xG, xMax, xetera...

I'm back from my holidays - hurrah! - to find not a lot of news, but a steady stream of interesting emails.

I'm back from my holidays - hurrah! - to find not a lot of news, but a steady stream of interesting emails.

It seems xG Technology is still exercising the imaginations of some readers. I have two types of feedback when I write about this Florida company claiming enormous breakthroughs with its xMax wireless data.

One is the "You're so wrong, Goodwins, you shouldn't be allowed to listen to wireless, let alone write about it. xG is the best thing ever, you'll see" (only much ruder, normally).

The other is more along the lines of "I'm a professor of electrical engineering, and this whole thing seems utterly unbelievable. Why are people taking it seriously?". Now, this second kind of correspondent tends to back up their logic with mathematics and useful information while the first doesn't - and don't think I haven't asked - but should I let that influence my opinion?

One of the most seductive arguments for xG being at best not much better than existing systems is tied to the Shannon capacity curve.

This is a graph illustrating a physical fact of life for wireless engineers, that the more noise and less signal in a channel, the less data you can send. It's not a straightforward relationship: the curve itself marks a boundary beyond which you cannot usefully send data no matter what you do. Decide on your power level and characterise the noise and interference on a channel, and the curve will tell you how fast you can go.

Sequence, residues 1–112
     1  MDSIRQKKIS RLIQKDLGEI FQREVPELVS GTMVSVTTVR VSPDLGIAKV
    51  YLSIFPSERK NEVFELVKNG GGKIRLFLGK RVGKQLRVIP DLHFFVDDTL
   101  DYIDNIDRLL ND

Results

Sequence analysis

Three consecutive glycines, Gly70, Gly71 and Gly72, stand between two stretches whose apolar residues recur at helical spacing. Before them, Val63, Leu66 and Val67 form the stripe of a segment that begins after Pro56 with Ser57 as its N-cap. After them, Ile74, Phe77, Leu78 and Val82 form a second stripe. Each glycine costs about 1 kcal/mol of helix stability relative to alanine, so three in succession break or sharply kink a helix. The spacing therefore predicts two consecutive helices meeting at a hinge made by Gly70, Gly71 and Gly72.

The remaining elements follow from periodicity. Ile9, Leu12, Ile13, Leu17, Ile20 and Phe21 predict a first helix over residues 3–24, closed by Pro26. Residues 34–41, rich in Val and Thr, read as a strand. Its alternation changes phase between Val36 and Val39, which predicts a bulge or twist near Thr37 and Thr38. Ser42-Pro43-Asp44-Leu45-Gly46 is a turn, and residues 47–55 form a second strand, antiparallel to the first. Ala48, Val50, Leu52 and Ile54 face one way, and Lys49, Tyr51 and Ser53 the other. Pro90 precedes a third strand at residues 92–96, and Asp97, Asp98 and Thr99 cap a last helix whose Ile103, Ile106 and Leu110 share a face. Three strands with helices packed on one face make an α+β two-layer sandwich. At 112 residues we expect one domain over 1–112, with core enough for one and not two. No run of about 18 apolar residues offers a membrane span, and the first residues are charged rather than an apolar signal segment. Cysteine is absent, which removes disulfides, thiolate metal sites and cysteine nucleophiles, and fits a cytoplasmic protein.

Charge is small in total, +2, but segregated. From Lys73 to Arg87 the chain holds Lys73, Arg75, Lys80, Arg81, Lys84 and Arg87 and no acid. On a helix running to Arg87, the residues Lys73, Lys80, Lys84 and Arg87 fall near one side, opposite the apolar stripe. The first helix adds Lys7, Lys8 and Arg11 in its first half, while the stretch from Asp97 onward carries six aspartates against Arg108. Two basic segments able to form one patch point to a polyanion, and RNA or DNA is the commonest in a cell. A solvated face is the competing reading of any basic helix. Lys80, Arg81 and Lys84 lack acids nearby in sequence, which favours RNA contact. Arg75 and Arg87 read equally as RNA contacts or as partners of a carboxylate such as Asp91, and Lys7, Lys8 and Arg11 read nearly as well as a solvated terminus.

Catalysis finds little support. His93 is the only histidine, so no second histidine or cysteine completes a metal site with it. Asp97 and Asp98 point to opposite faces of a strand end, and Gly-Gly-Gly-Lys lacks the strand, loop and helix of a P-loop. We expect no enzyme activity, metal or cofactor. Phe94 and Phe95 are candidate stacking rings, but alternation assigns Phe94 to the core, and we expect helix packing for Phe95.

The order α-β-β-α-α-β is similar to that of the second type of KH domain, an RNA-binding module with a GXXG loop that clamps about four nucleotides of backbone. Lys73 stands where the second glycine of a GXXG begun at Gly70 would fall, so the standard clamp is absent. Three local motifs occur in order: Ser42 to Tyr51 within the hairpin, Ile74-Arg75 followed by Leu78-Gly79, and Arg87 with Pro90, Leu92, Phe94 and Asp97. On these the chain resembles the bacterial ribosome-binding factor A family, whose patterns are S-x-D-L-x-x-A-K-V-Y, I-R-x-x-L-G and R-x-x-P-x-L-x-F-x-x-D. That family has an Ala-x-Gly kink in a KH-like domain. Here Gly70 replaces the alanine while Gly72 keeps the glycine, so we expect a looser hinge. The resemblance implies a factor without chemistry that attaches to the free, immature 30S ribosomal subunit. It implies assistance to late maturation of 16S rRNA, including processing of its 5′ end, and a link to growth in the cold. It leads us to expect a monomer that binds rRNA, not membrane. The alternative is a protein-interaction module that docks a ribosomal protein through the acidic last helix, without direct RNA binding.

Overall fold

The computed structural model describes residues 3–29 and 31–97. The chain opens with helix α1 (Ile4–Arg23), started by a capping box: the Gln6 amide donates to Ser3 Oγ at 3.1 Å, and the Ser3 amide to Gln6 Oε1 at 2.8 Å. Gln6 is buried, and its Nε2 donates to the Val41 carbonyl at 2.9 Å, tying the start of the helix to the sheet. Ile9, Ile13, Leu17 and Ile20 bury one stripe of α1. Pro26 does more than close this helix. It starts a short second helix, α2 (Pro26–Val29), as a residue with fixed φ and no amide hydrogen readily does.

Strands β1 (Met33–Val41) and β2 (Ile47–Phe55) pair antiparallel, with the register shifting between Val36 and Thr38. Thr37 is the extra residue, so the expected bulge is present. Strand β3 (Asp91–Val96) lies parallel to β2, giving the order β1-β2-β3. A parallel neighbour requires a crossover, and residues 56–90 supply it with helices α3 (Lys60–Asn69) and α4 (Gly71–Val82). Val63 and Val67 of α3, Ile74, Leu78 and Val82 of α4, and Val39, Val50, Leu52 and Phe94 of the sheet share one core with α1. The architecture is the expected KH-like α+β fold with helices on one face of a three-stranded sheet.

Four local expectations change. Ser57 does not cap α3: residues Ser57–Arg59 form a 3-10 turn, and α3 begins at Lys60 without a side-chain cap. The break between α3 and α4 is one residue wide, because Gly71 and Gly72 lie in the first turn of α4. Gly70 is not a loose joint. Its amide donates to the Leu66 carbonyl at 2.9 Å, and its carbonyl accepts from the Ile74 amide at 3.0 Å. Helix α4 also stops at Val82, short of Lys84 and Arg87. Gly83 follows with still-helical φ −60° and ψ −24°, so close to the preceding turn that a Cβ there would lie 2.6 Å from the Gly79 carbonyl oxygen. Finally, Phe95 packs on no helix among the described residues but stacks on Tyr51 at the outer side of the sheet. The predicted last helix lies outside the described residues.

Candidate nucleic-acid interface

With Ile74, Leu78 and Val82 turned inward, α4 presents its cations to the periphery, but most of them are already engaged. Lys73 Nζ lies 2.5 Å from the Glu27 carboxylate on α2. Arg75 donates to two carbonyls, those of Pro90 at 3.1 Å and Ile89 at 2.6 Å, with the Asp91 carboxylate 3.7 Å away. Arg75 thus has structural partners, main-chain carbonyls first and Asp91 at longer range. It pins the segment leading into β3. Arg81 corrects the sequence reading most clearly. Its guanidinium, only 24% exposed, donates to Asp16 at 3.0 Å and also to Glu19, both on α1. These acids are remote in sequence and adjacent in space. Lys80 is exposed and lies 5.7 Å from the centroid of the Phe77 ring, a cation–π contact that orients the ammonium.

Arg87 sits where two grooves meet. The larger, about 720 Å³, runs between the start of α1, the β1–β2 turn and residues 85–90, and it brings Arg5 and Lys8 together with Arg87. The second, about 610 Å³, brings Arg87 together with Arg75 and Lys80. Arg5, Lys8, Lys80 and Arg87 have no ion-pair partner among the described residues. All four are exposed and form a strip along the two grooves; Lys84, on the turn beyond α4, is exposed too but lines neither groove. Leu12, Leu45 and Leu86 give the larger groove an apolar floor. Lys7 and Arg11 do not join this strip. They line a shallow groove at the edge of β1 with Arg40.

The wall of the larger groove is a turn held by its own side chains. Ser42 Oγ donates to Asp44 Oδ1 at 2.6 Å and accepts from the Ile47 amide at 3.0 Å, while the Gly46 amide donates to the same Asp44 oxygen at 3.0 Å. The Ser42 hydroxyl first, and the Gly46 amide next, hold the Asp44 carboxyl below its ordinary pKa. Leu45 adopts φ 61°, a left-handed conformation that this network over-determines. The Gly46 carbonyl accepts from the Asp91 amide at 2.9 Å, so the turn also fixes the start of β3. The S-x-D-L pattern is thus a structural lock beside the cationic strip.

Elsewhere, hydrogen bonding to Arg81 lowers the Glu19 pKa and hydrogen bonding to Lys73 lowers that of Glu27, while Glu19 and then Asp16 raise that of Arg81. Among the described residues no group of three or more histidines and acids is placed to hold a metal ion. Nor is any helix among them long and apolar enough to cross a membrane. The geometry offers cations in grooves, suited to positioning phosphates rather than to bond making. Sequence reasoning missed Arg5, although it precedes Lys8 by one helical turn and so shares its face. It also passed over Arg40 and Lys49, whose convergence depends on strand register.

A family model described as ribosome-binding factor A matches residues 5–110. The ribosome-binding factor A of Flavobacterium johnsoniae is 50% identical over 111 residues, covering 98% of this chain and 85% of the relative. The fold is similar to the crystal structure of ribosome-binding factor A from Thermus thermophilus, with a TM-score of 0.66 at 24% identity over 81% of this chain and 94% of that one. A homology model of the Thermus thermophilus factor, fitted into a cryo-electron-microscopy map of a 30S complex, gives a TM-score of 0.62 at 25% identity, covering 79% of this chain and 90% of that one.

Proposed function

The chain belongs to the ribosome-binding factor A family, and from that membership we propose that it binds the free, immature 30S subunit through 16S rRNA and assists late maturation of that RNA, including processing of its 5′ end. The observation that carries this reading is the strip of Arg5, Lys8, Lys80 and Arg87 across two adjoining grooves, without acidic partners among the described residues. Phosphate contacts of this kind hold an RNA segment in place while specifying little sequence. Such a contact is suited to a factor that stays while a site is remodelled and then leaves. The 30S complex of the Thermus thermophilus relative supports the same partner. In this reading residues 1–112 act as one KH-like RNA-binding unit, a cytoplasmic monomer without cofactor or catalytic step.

This limit isn't something that can be circumvented by cleverness, any more than the speed of light can be broken by a particularly ornate sort of rocket. If you're doing wireless communication, the Shannon curve is your speed of light. Most current state of the art modulation schemes get pretty close: xG says it is thousands of times better than the current state of the art, which puts it firmly over the other side of the curve and into Star Trek territory.

Confusingly, xG has also published a bit error rate to signal-to-noise graph -- the standard way of describing physical performance -- that shows (without explanation) that its technology is, at best, slightly better than most existing techniques. That graph shows that xG is within the Shannon limit (how could it not be?). Yet the company also says that the graph doesn't demonstrate the "significant advantages" of the "xMax system gain".

That's like saying you've built the world's most fuel efficient car, publishing standard test results that shows it guzzles as much petrol as a Bentley, then saying "But these results don't reflect the inherent advantages of our automobile, which really does go a thousand miles on a cup of four star".

One has to ask how a system that is tested to do ten miles to the gallon will achieve a thousand miles per cup.

Two further mysteries are connected. As I've said before, market researchers Frost and Sullivan have given xG their European Technology Innovation Award for 2007, and are bigging xG up even more - which must mean there's something they know that I don't. Most people do, of course, so I've emailed them to find out what it is.

And second, my lead on the Shannon curve came from a blog called Wireless Fact and Fiction, which had a short burst of very cogent explanations around the physics of wireless as directly related to xG's claims - and then closed down abruptly a couple of days ago, just as I got back from holiday, with all content deleted (Google cache still has the full story at the time of writing, if you fancy a modicum of fun rootling around). [UPDATE - Wireless Fact and Fiction was pulled, the author tells me, purely because it was taking up much more time than it deserved, and it may come back later]

It's all most odd. But do keep writing in.